Particularly, I was surprised with the relation of a young woman, who had been one of the greatest company keepers in the whole town: when she came to me, I had never heard that she was become in any wise serious, but by the conversation I then had with her, it appeared to me, that what she gave an account of, was a glorious work of God's infinite power and sovereign grace; and that God had given her a new heart, truly broken and sanctified. I could not then doubt of it, and have seen much in my acquaintance with her since to confirm it.
Though the work was glorious, yet I was filled with concern about the effect It might have upon others: I was ready to conclude (though too rashly) that some would be hardened by it, in carelessness and looseness of life; and would take occasion from it to open their mouths, in reproaches of religion. But the event was the reverse, to a wonderful degree; God made it, I suppose, the greatest occasion of awakening to others, of any thing that ever came to pass in the town. I have had abundant opportunity to know the effect it had, by my private conversation with many. The news of it seemed to be almost like a flash of lightning, upon the hearts of young people, all over the town, and upon many others. Those persons amongst us, who used to be farthest from seriousness, and that I most feared would make an ill improvement of it, seemed greatly to be awakened with it; many went to talk with her, concerning what she had met with; and what appeared in her seemed to be to the satisfaction of all that did so.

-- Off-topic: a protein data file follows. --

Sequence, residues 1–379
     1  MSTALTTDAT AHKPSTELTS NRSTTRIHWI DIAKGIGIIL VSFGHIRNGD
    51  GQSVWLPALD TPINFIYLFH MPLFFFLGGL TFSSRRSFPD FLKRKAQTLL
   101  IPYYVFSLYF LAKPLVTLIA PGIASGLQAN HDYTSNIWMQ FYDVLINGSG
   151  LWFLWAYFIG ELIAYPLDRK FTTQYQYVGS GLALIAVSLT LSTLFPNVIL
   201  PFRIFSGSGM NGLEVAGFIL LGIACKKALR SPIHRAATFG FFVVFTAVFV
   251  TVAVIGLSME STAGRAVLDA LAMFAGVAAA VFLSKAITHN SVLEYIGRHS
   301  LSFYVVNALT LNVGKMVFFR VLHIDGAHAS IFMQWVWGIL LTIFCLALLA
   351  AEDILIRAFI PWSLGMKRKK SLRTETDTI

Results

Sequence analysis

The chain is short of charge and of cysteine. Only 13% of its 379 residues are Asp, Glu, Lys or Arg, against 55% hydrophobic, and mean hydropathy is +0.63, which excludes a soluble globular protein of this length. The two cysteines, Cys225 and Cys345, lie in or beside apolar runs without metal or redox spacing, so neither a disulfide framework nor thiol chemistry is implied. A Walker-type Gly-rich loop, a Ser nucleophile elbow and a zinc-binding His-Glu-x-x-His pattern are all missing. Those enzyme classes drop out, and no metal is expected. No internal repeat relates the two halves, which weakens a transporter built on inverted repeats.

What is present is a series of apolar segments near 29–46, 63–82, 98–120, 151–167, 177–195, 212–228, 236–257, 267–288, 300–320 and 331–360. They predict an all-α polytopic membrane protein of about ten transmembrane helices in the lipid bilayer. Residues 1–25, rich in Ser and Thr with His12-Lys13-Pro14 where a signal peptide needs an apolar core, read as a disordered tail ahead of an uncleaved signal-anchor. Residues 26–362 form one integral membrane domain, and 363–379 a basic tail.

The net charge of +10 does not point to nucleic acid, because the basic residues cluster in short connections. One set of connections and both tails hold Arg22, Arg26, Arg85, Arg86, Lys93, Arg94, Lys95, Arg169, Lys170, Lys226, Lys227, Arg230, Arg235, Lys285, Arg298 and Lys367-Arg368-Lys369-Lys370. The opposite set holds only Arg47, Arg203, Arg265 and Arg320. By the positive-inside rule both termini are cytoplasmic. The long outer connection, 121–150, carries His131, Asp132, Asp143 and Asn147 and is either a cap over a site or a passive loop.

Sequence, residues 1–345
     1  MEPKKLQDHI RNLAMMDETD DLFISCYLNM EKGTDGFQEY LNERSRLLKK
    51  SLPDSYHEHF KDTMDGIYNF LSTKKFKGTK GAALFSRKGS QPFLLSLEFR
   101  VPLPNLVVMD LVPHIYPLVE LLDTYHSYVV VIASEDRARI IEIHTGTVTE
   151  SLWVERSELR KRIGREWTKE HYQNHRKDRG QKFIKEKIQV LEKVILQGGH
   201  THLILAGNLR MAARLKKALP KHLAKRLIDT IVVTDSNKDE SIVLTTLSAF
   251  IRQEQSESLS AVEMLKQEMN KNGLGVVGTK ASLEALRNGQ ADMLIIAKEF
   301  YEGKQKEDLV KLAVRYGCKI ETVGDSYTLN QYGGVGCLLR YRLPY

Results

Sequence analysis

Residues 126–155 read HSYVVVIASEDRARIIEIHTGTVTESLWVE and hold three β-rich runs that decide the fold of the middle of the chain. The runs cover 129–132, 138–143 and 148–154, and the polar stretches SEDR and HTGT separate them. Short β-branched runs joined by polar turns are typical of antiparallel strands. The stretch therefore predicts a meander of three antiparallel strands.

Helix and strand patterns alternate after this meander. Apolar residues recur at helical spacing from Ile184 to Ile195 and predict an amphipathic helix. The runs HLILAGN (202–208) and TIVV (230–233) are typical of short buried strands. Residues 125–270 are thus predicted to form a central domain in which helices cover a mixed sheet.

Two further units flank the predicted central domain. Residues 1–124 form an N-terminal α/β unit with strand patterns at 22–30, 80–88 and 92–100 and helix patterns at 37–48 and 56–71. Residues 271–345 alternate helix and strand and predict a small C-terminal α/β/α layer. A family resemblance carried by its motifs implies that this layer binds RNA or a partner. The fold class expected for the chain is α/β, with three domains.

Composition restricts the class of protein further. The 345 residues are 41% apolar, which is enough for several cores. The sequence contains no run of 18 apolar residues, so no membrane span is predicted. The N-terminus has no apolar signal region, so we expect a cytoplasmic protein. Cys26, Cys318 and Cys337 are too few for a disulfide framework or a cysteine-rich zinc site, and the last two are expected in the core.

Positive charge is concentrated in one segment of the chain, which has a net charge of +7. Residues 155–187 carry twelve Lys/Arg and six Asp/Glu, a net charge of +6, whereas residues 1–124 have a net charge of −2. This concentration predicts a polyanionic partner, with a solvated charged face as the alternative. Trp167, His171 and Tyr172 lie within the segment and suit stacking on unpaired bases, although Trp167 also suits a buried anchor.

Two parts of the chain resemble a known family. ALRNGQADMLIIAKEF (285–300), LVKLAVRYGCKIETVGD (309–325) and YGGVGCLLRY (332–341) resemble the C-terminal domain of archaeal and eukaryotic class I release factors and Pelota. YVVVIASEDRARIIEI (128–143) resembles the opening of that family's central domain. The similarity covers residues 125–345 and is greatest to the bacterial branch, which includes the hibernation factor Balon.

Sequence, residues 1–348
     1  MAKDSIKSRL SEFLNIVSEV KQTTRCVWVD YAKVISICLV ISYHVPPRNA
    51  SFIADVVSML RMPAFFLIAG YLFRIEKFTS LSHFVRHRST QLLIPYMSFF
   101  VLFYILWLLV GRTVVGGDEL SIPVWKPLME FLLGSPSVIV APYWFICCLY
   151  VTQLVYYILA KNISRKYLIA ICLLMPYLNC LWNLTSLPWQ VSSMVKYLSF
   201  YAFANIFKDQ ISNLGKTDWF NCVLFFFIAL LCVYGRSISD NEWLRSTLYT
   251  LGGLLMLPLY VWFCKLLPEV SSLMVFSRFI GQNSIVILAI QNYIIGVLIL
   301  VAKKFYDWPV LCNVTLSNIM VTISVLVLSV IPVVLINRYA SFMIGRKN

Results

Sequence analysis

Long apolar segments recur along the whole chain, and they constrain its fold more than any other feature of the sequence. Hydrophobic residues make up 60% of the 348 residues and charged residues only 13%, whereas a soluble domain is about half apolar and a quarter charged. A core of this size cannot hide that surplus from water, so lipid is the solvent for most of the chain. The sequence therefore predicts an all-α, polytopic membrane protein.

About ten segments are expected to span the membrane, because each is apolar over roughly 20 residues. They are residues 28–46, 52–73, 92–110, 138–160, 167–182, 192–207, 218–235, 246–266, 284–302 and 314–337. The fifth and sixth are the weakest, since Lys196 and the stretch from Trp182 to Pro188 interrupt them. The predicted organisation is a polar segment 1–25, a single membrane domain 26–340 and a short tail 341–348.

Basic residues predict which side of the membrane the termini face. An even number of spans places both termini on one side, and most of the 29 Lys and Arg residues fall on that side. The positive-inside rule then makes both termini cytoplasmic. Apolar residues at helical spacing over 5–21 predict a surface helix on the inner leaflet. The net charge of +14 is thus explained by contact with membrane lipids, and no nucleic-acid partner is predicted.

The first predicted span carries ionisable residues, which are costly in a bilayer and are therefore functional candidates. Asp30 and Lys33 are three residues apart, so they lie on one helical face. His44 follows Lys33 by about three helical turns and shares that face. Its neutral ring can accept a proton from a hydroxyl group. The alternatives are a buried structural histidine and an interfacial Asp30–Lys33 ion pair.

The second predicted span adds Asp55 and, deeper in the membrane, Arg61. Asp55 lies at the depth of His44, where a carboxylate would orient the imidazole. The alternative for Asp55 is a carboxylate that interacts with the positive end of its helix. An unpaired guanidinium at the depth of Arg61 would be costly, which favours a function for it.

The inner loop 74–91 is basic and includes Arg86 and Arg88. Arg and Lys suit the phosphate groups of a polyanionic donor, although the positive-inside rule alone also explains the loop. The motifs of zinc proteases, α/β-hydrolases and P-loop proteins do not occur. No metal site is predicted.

Presently upon this, a great and earnest concern about the great things of religion, and the eternal world, became universal in all parts of the town, and among persons of all degrees, and all ages; the noise amongst the dry bones waxed louder and louder: all other talk but about spiritual and eternal things was soon thrown by; all the conversation in all companies, and upon all occasions, was upon these things only, unless so much as was necessary for people carrying on their ordinary secular business. Other discourse than of the things of religion, would scarcely be tolerated in any company. The minds of people were wonderfully taken off from the world; it was treated amongst us